Livingston War Memorial
There is a correspondence going on at the present time on the Internet site called the 'Great War Forum' initiated by 'alf mcm' who is researching Private Robert McIlhagga who served in the Royal Irish Rifles. He had found out that there is a memorial to him in Ballyweaney Presbyterian Church and he was hoping for a photograph or a description of it. It is possible that he discovered this from our Clan Newsletter because in October 2007, to follow up at article I had written in 2006 on 'The Clan in the Military', I printed the following: 'There is a British TV Channel 4 web-site called "Lost Generations" on which you can search names and memorials. "McIlhagga" brings up a World War I commemoration that I don't think we included last time. He is Rifleman R.W. McIlhagga whose name is on the Ballyweaney Presbyterians Memorial in Ballyweaney Presbyterian Church, Co. Antrim, Northern Ireland. There are four other names on the memorial: H.Rock, T.Turner, D.Johnston and R. Turner'.
Alf.mcm's problem is that the memorial doesn't seem to exist, if it ever did. I tried the 'Lost Generation' site today and again put in 'McIlhagga' but got a 'No Information' message. The information seems to have been deleted. I suspect the site got it originally from the 'Roll of Honour 1914-1919 of the Presbyterian Church in Ireland'. The extract for the Congregation of Ballyweaney has 15 names on it including the four above, with the remark against each 'Killed in action'. It states that Robert's address was Knockahollet. There is a UK National Inventory of War Memorials which lists 'Ballyweaney Presbyterians'. reference 47464, giving the church address as 'Ballymoney'. It gets its information from a publication by Robert Thompson (1999) called 'Ballymoney Heroes 1914-1918', but unfortunately doesn't give any details of a Memorial. Robert's actual grave can be found on the Commonwealth War Graves Commission site. It is in the Rocquigny-Equancourt Road British Cemetery, Manancourt, Somme, France: Rifleman Robert McIlhagga 12/7536 Royal Irish Rifles, grave I.B.20. There are two villages in the Department of the Somme, about 13 km. north of Peroune, 12 km. southeast of Bapaume. The cemetery lies half way between the villages of Rocquigny and Equancourt on the north side of the road, just west of the crossing road from Etricourt to Ypres.
The '12' stands for the 12th Battalion. The Royal Irish Rifles, otherwise known as 'The Central Antrim Volunteers' has its own internet site where there is a famous WW1 photograph and a short article under the title 'Who shall separate us?' - the traditional motto of the Irish Regiments. The photograph, called 'The Ration Party' is one of the most famous images of The Great War. According to records in the Imperial War Museum it depicts soldiers from the 12th Royal Irish Rifles allegedly on 1st July 1916. There are certainly men from the RIRs in the picture. The Regiments' site has an introduction which reminds us of its origins. Many in the north of Ireland opposed the British Government's proposals for 'Home Rule' - see the Ulster Covenant of 1912 - and in 1912 the Ulster Volunteer Force smuggled thousands of rifles and tons of ammunition into the Province. These were dispersed around the countryside of Ulster. Among those taking part in the gun running exploits were men of the 'North Antrim Regiment' of the UVF. It was these men who, only months later, flocked to the call 'For King and Empire'. They were the 'originals' who formed the 12th (Service) Battalion, Royal Irish Rifles (Central Antrim Volunteers).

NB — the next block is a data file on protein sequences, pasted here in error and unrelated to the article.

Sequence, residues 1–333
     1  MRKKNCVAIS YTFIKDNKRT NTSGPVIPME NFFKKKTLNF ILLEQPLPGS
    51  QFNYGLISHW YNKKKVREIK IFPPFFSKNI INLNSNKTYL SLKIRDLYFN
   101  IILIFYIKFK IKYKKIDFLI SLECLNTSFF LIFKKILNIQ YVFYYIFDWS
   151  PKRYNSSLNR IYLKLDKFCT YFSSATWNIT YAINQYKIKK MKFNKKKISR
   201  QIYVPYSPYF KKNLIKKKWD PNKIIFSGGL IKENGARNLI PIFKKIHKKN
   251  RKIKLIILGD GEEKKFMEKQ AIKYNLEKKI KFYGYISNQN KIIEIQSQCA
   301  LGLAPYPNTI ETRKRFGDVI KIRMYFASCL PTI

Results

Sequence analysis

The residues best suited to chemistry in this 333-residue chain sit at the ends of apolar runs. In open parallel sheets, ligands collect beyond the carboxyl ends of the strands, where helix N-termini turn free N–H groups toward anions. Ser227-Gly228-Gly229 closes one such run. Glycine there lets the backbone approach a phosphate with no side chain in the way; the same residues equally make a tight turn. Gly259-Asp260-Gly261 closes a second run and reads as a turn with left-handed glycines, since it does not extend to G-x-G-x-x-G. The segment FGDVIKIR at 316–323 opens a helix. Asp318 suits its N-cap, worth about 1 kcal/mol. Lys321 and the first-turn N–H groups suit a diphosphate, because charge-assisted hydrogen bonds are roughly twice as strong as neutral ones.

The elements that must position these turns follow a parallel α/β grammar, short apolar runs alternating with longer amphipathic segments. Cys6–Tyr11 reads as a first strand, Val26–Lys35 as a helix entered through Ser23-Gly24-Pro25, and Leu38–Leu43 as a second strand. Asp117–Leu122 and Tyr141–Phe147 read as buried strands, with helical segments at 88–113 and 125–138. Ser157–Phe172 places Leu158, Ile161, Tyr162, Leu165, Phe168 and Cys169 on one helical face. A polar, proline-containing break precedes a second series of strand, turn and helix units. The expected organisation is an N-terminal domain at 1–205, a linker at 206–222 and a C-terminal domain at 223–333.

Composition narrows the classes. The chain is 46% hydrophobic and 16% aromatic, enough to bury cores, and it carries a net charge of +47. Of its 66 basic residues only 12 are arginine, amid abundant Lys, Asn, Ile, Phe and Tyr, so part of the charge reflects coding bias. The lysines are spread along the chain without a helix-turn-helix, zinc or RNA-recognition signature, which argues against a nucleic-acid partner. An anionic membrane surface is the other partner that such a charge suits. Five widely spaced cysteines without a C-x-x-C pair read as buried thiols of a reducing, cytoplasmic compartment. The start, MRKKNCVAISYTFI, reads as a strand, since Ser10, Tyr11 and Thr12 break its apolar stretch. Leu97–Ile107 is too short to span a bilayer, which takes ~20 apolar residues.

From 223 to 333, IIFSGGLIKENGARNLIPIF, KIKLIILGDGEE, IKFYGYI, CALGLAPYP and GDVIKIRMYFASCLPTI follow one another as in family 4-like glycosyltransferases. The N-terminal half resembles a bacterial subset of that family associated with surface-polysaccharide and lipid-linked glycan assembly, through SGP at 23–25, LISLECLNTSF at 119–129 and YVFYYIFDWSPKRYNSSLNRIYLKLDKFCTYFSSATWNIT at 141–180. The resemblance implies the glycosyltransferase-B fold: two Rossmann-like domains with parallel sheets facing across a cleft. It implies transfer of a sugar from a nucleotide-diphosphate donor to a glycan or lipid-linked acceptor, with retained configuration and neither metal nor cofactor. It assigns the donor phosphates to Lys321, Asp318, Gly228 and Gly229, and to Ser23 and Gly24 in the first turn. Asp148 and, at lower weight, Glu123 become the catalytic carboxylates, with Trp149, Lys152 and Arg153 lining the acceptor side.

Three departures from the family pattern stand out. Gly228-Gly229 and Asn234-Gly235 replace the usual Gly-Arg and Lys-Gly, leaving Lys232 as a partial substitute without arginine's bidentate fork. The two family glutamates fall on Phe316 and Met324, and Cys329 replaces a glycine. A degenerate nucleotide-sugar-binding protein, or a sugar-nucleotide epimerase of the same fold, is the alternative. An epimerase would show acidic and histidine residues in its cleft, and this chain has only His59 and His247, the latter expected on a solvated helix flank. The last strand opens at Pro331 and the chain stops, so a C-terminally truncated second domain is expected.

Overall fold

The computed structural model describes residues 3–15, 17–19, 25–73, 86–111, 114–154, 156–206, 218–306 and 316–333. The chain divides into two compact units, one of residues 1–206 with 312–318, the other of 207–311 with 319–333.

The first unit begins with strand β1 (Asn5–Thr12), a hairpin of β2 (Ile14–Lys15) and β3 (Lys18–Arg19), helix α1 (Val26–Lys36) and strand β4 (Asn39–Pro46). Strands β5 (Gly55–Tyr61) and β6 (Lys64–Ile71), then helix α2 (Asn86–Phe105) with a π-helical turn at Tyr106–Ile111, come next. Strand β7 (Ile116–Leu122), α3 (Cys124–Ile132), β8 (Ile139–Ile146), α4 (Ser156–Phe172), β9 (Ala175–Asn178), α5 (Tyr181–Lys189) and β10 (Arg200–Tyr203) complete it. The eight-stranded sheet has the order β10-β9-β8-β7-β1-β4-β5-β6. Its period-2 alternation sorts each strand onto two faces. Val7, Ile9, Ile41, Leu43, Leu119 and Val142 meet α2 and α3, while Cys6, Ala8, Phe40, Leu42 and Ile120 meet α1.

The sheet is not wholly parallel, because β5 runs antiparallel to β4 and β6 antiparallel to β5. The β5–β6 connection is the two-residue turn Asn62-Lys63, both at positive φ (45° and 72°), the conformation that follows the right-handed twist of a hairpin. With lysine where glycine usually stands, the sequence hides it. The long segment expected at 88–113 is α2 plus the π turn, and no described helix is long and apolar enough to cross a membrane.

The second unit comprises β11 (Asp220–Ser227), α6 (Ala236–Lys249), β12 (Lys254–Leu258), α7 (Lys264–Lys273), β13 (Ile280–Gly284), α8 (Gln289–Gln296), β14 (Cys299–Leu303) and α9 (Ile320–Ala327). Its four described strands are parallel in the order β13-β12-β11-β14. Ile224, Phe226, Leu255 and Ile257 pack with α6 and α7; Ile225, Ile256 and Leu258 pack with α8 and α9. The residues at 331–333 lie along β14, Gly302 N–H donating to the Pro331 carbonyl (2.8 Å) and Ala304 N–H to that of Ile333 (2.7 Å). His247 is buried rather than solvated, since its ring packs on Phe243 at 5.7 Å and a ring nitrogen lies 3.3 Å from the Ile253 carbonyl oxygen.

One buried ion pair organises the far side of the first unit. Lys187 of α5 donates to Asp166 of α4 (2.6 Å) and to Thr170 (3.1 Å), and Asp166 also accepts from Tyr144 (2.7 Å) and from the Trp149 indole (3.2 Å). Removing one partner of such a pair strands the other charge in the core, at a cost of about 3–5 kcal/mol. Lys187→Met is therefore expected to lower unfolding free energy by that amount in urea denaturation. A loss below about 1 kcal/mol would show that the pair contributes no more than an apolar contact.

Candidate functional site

'Robert W. McIlhagga was born in County Antrim. His death records in 1917 give his age as 25, giving us a birth year of 1892. However, the 1911 Census shows Robert aged 16, giving us a birth year of 1895. This may mean that he went into the army younger than he was legally allowed - very common in the First World War. His parents were Daniel Maitland McIlhagga and Elizabeth Ann Wright. They had a large family of nine children. Robert was their second child and eldest son. They probably lived in Ballyportery where Robert's grandfather James was born in about 1840. He was a farmer and butcher who in about 1865 married Jane Maitland. Daniel was born 21st September 1868 and married Elizabeth about 1890. His occupation began as a Farm Labourer and Flax Scutcher; he was then a 'Contractor' and finally a 'Shale Miner'. Occupations are usually known from birth, marriage and death documentation and are often 'enhanced' versions of the actual jobs people did. Robert was Daniel's second child and eldest son. At some stage the family moved from Northern Ireland to Scotland and settled in Livingston in Mid-Lothian. They probably moved in the early years of the 20th Century. The family address there was 104 Main Street, Livingston Station. Although Robert's official medal cards use the name variants McIlhaggar and McIlhagger, these are army mistakes. He was always a McIlhagga. According to Alf mcm on the Great War Forum his name is on the War Memorial in Livingston Kirkyard. The official army record says 'Died of wounds 4th Sep 1917, Age 25'. But he was probably only twenty-two!
There are many members of this family living today, in County Antrim, in Perth, Victoria, New South Wales and Queensland, Australia, and in Bathgate, Edingurgh and Glasgow, Scotland. I have a Family Tree for them with 391 people on it. I wish Alf mcm well with his research and would be most interested to see the result of it.